Whitewater rafting Montana

Definately Wild, Certainly Scenic

The 1976 addition of all three forks of the Flathead into America’s Wild and Scenic Rivers System assures these free flowing streams in perpetuity for your children and grandchildren.

The Flathead System consists of three gradations: Wild, Scenic and Recreational.

A Wild River is preserved in its natural primitive condition, free of impoundments and generally inaccessible except by trail, with its watersheds or shorelines essentially primitive and its waters unpolluted. The sections of the Flathead River designated as wild are from the headwaters of the Middle Fork to Bear Creek and from the headwaters of the South Fork to Spotted Bear.

A Scenic River is free of impoundments and accessible in places by roads, with shorelines or watersheds still largely primitive and undeveloped. Emphasis is placed on preserving the high scenic quality of the area. The part of the Flathead River classified as a scenic river is from the United States-Canada border to Camas Bridge, on the North Fork.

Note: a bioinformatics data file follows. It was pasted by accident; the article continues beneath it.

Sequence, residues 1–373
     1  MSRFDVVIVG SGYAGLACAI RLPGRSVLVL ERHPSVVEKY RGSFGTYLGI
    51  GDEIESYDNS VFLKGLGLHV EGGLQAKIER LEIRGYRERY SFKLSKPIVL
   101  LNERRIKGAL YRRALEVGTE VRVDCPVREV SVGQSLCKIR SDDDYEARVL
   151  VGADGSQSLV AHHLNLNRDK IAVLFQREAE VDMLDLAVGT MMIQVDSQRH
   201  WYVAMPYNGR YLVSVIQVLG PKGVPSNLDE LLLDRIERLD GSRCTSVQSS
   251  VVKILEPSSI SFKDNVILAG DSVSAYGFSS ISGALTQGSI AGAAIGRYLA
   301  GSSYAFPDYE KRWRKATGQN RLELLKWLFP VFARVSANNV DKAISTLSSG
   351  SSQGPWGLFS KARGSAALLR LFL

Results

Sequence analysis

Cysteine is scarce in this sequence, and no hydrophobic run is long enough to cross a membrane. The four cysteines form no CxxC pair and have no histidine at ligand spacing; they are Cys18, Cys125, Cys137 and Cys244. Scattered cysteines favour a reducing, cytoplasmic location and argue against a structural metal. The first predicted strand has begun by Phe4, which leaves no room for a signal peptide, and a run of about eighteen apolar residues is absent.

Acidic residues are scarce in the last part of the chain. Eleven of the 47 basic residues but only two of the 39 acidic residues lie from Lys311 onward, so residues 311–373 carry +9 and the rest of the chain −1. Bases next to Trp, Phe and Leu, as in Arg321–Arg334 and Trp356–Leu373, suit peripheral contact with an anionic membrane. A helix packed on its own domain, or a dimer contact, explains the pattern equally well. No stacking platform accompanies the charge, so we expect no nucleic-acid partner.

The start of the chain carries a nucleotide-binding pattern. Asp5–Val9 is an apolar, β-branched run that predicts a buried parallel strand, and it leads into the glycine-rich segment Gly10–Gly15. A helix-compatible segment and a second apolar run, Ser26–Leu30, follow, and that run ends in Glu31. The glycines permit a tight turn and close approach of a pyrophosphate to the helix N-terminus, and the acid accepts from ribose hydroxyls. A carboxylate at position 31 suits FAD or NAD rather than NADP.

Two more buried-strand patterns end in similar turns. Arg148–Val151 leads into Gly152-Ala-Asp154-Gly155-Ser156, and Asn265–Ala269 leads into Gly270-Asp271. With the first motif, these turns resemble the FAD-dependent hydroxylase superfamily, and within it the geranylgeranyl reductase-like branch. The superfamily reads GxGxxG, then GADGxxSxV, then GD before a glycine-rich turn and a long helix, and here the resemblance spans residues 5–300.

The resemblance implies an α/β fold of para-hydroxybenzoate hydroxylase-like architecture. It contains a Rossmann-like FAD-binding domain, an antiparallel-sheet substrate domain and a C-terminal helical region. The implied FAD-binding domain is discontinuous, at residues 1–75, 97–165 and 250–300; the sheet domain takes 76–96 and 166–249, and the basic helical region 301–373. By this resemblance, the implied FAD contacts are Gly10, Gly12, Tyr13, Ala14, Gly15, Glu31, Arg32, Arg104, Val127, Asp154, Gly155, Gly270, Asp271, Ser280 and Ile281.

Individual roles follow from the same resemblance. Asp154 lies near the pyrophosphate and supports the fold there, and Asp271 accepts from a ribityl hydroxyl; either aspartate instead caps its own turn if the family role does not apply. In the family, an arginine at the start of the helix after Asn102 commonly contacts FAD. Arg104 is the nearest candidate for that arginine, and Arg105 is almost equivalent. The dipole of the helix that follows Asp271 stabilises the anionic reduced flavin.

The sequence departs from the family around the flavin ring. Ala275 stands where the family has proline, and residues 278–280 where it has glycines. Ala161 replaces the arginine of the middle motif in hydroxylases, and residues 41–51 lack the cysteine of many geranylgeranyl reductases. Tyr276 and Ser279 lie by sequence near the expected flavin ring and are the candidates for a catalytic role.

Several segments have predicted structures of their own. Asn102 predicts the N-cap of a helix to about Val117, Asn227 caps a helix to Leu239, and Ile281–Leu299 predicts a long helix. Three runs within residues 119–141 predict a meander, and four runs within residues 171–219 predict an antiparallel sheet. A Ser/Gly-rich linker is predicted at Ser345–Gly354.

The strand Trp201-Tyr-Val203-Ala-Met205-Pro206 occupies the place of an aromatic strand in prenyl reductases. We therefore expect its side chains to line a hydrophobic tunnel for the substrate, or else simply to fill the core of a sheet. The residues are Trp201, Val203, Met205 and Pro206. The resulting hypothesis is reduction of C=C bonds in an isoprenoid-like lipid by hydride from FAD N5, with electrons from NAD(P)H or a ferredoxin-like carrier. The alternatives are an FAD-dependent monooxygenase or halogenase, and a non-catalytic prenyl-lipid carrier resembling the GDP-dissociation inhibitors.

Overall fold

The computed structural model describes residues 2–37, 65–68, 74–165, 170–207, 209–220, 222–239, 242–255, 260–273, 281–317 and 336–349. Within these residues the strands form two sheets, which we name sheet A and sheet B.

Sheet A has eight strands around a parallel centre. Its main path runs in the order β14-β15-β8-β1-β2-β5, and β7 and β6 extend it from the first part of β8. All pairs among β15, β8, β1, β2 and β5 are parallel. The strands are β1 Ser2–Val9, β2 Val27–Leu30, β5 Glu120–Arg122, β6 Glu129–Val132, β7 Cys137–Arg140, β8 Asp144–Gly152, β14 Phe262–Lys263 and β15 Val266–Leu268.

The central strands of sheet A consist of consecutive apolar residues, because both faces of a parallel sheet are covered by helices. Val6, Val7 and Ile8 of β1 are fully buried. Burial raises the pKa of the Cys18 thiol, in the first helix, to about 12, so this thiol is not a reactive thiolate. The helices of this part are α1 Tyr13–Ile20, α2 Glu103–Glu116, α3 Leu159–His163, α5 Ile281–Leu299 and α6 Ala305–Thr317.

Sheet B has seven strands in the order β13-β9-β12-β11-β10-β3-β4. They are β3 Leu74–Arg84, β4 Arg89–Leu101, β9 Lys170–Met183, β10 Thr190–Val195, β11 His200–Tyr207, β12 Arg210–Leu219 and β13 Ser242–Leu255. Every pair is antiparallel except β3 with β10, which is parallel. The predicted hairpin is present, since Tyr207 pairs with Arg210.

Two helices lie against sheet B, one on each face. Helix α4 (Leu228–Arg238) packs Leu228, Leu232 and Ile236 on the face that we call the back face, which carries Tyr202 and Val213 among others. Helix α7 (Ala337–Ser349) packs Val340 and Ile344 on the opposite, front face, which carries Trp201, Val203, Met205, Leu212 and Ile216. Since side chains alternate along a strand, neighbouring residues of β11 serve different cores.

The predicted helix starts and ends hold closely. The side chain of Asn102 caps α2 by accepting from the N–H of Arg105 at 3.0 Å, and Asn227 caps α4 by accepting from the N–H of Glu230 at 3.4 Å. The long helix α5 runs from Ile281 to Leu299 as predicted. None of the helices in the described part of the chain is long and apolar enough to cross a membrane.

A Recreational River is categorized. Though some development has occurred along their shorelines, some stretches are in a near natural setting, and high-quality recreation experiences are available. Recreational segments are: on the North Fork, from Camas Bridge to the confluence with the Middle Fork at Blankenship; on the Middle Fork, from Bear Creek to the confluence of the South Fork below Hungry Horse; on the South Fork, from Spotted Bear to Hungry Horse Reservoir.

All three forks of the Flathead are popular whitewater rivers for floaters using inflatable rafts. The Middle Fork is far and away the most popular river because of its relatively easy access and proximity to the West Glacier entrance into Glacier National Park. For instance, the two-hour float segment immediately upstream from the Park entrance records some 11,500 floaters per year. That high volume, of course, reflects an unusually exciting stretch of river, where access is easily afforded and quickly accomplished.